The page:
One day, I’d gone deep into a feeling of relaxed floating inside of a wave. Many times, when I was in that state, a sort of screenshot would open up in my head, startling me out of the trance mode. The screenshots were always helpful or epiphanic. So this day, I’d been in a kind of despair, needing comfort and assurance I wasn’t dying. (All my pain and bizarre symptoms made me feel like I was dying, even though the doctors could find nothing.) I floated in a deep relaxed blank when a screenshot slowly appeared. It was of the leaves of the first plant I’d ever gotten. They were around me in a gentle embrace. There was so much love. My eyes quickly opened. I was incredulous.

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I read a book about plant spirits and the author suggested you invite the spirit of a plant to join you on a walk. Since they’re grounded all the time, they appreciate the opportunity to move. It was my habit at that time to dance to music in the living room when Jack went out. I walked over to Little Mama (see below), the plantie that held me in meditation, and invited her spirit to hop on mine and dance with me. I started the music and let loose. I was swinging around and doing my thing. I lifted my arms up and out and suddenly felt long tendrils reaching beyond my fingers into the air. I kept dancing, but I have to tell you, it freaked me out! It’s one thing to read this stuff, but when you experience non-ordinary reality happening, it really blows your mind. At least it did mine.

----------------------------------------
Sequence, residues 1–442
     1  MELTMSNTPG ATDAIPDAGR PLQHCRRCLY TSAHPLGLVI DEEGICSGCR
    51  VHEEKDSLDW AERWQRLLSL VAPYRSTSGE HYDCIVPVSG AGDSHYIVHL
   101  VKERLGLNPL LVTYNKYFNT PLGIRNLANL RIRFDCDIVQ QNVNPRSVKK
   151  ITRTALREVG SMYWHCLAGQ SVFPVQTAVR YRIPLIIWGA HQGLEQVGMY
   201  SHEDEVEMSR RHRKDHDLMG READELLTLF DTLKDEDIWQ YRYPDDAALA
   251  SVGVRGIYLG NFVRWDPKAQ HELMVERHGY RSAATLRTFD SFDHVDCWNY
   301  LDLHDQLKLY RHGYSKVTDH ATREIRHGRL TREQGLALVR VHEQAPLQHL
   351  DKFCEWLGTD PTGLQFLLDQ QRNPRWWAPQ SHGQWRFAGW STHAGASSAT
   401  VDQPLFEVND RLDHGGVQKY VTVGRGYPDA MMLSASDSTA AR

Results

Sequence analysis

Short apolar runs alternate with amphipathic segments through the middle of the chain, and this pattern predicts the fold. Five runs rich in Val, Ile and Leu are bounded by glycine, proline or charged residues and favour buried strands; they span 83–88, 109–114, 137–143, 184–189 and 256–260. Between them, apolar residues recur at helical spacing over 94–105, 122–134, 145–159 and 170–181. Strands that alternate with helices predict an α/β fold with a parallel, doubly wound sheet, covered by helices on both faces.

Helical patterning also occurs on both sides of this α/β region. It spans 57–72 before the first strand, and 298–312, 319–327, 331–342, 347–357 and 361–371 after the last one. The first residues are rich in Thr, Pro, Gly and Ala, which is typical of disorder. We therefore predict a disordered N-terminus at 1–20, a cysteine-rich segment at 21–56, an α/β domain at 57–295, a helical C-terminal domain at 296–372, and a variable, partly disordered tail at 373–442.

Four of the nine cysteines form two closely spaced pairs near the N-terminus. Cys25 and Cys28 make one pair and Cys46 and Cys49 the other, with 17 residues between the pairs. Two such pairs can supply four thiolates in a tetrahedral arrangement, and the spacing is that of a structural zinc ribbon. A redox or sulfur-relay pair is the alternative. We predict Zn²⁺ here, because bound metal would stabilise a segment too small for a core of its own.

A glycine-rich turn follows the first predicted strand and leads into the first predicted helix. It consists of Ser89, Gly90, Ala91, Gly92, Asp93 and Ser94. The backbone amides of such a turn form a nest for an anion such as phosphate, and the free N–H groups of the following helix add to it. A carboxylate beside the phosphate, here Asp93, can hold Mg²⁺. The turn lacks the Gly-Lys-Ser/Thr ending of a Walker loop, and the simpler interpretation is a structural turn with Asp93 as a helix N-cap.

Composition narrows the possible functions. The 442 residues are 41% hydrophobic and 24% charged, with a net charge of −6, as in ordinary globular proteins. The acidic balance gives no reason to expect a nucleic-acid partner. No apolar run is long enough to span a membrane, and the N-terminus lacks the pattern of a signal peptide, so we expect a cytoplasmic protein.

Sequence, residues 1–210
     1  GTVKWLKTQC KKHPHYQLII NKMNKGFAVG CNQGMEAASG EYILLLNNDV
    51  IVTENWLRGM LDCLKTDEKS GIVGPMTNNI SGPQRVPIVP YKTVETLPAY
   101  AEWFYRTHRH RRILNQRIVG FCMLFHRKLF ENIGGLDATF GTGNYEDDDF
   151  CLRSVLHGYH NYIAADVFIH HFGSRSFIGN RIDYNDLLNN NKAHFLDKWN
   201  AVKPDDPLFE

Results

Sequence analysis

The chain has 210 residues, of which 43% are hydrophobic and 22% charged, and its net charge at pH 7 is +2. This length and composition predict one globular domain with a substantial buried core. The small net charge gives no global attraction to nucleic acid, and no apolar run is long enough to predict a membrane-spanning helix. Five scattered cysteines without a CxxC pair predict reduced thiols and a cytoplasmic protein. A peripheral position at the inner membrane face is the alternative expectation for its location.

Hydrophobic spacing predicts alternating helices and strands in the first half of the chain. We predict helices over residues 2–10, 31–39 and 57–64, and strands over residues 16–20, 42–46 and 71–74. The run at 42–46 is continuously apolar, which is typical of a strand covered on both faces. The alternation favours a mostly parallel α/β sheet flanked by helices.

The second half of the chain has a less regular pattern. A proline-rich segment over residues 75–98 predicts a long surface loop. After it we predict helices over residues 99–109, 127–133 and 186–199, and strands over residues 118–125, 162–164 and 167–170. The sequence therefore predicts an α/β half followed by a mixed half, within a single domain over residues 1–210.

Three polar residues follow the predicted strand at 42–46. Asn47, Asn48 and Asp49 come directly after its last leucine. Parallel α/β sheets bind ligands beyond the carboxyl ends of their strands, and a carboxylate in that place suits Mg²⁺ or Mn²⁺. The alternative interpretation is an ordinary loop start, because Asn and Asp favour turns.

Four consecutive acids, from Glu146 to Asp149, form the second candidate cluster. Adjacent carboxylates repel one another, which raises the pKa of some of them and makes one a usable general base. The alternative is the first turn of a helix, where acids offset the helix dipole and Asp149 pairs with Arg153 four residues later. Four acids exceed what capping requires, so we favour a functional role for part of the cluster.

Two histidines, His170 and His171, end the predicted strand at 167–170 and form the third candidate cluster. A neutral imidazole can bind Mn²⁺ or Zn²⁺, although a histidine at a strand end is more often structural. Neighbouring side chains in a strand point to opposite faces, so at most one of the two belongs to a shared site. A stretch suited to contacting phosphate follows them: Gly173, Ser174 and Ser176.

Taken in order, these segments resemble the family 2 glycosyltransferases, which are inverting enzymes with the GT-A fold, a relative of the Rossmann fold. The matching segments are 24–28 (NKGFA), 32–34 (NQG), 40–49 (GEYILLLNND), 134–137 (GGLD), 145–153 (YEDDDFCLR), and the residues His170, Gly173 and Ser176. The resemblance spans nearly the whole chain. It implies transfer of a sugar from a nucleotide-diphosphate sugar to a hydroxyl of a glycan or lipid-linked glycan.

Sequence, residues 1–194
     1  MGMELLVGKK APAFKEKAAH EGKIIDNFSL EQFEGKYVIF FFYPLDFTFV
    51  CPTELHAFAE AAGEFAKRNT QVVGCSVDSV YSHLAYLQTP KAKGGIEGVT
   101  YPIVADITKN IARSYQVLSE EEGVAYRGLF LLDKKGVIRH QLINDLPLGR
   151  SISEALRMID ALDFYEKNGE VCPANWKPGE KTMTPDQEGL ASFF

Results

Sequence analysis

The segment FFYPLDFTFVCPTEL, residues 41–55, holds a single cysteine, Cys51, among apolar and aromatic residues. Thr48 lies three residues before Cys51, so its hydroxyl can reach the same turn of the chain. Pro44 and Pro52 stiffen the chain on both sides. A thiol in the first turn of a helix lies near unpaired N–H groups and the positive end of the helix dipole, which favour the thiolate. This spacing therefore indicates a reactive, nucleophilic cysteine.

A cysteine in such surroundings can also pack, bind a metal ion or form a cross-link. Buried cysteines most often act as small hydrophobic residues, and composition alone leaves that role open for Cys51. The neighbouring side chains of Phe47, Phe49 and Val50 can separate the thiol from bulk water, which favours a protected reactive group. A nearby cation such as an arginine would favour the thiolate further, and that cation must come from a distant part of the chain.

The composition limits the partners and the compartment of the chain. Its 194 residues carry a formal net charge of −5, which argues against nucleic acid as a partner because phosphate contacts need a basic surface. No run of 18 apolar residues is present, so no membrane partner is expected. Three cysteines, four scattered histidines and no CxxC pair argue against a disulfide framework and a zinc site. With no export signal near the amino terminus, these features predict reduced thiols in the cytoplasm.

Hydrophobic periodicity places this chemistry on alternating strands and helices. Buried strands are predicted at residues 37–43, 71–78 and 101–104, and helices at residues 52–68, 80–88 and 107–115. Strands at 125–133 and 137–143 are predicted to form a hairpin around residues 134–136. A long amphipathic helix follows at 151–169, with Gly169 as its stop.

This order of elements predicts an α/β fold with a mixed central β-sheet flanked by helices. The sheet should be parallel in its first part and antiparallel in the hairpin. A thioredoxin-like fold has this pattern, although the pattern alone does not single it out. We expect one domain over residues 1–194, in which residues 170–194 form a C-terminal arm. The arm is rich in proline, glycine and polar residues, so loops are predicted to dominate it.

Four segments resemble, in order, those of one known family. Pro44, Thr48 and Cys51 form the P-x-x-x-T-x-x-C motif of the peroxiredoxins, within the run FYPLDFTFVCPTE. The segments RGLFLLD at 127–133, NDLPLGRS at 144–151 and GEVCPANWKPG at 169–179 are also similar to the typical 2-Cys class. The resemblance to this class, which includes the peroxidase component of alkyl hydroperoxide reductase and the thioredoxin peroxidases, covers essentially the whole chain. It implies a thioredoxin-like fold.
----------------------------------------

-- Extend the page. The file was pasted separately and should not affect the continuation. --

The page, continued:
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My dancing partner, Little Mama.

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A wonderful book called The Secret Lives of Plants details one scientific case study after another showing plants have some kind of consciousness. The more you bond with a plant, the more love you show it, the more it is connected to you. I love that stuff.

I’ve been getting back to meditating again now that Jack is better and free time is opening up. I laid me down the other day, thinking of Anthie and wishing my ability to meditate and blank my mind was better developed so I could communicate with her. I fell into one of my old-time deep floats and, lo and behold, I got a screen shot of her. She was sitting next to our dining table and beside her stood what I think was her spirit–a soft, misty, yellow energy emanating light in a sort of stalk-like shape.

***